While mob movies often ask us to revel in the protagonist’s glib misdeeds, Scorsese is known for having us watch from a distance, close enough to affected by the characters’ ups and downs, but far enough to impart judgment. The Irishman feels somewhat unique in its intimacy, pulling us close to this cast of dubious characters without pardoning their actions. The film’s gut punches feel personal, and oddly universal, the intermixing of natural and unnatural death weaving a moribund tapestry of pain and betrayal. Although the films deep dive into Union politics will vex some, this detailed look into America’s past points out the sometimes unsavory proximity between the US government, Unions, and organized crime. The Irishman may not be as immediately flashy or stylish as some of Scorsese’s previous work, but it is the product of a thoughtful elder-statesman, an elegiac sendoff for a particular genre.
2. Little Women
With Little Women, Greta Gerwig continues to prove that she is a generational talent. If there is a defining characteristic in her work it is that she tells stories bathed in the warm glow of empathy, stories that wring out human complexity with losing a sense of hope. Little Women continues this trend, a consistently delightful period piece that gracefully adapts Louisa May Alcott’s novel. The story follows a group of sisters living during the American Civil War, each of whom struggles with notions of societal expectations. Jo (Saoirse Ronan) is a writer who resents the fact that she is supposed to be married off instead of leading an independent existence. Meg (Emma Watson) feels the economic pitfalls of marrying for love. Amy (Florence Pugh) lives in Jo’s shadow, and adopts the burden of an expected mercenary marriage. And Beth is a kindhearted introvert who is unduly punished for her kindness.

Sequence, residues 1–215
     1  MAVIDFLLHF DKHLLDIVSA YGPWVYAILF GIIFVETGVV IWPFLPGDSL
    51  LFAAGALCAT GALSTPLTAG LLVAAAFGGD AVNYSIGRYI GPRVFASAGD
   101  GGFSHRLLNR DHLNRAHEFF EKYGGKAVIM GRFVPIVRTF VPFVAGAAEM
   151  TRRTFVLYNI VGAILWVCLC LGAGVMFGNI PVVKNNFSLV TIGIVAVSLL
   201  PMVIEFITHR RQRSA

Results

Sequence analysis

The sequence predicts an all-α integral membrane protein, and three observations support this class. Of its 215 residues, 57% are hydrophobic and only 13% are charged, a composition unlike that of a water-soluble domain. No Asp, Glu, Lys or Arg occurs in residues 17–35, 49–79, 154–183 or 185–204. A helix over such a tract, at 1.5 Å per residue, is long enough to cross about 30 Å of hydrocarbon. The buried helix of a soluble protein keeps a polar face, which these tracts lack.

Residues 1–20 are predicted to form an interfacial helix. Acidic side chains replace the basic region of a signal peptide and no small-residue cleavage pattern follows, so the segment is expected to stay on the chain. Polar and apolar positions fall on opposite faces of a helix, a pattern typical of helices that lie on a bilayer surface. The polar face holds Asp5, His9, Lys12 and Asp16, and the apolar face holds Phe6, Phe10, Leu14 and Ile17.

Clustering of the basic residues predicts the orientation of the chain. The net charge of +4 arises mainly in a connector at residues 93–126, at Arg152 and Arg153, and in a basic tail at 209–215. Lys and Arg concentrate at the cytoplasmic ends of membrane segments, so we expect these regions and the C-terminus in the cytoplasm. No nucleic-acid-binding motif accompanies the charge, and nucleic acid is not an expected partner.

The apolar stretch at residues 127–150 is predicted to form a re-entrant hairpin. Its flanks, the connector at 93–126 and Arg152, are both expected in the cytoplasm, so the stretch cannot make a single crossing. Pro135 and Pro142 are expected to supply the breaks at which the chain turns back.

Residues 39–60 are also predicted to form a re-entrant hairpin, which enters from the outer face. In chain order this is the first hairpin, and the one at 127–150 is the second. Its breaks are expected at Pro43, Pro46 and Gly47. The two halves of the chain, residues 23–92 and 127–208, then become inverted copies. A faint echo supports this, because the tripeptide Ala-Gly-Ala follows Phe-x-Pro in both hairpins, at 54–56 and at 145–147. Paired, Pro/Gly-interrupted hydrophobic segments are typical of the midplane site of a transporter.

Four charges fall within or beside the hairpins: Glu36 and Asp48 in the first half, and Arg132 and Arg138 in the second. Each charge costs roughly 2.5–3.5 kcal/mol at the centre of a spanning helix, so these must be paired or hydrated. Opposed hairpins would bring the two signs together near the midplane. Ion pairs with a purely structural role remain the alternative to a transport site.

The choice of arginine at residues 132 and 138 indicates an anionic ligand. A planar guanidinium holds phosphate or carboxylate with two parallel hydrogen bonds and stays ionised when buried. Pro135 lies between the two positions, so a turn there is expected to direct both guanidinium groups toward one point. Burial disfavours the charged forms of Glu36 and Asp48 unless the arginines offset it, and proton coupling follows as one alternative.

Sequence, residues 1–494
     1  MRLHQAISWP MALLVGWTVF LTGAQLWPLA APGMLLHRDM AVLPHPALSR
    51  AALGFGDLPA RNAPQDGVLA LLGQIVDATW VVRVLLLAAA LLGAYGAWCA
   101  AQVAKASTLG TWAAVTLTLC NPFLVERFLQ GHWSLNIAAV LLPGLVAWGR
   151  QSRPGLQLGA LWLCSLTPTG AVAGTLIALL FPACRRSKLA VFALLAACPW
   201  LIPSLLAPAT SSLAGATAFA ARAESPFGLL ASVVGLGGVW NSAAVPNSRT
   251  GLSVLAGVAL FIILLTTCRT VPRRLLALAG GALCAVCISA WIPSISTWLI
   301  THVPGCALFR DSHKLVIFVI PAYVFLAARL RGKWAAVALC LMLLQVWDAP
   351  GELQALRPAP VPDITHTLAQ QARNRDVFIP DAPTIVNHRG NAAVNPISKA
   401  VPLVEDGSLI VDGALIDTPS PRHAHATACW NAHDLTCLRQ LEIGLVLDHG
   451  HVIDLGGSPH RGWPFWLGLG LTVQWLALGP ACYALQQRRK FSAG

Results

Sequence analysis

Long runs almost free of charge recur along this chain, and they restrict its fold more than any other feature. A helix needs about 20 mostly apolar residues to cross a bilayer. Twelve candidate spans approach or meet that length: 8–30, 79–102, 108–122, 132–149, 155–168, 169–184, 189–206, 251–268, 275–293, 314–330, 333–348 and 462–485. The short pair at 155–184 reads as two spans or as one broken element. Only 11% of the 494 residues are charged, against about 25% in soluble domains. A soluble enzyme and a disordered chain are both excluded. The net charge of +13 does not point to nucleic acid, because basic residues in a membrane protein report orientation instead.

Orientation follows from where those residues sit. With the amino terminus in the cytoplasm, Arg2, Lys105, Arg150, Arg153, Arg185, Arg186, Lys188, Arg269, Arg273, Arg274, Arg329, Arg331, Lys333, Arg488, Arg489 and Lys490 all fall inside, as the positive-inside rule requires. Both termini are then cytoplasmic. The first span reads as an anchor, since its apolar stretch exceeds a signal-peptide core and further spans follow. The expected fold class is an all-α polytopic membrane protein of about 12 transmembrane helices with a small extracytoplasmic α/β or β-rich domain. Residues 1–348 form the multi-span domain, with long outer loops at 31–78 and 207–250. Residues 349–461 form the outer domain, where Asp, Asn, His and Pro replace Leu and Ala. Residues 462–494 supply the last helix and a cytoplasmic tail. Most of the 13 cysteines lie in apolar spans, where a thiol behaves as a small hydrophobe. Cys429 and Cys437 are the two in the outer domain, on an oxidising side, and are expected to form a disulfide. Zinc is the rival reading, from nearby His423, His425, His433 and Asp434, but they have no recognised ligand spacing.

Unlike many period pieces and costume dramas, the focus here is on grounded portrayals and nuanced character interactions over noisy costume design and overwrought emotional appeals. This naturalism comes across in a montage of small character moments that dart backward and forwards through time, showing us in intimate detail the contrasts and lingering problems that define these people. The rapport between the cast is excellent, the performances from the leading ladies conveying the myriad ups and downs of family, messy unaddressed sources of resentment mixing with emotional moments of reconciliation. We are forced to address the unfair pressures that bear down on these women, and we watch as they sometimes successfully and sometimes unsuccessfully attempt to suss out their true feelings. Filled with humor and raw emotion, Little Women is a stirring adaptation.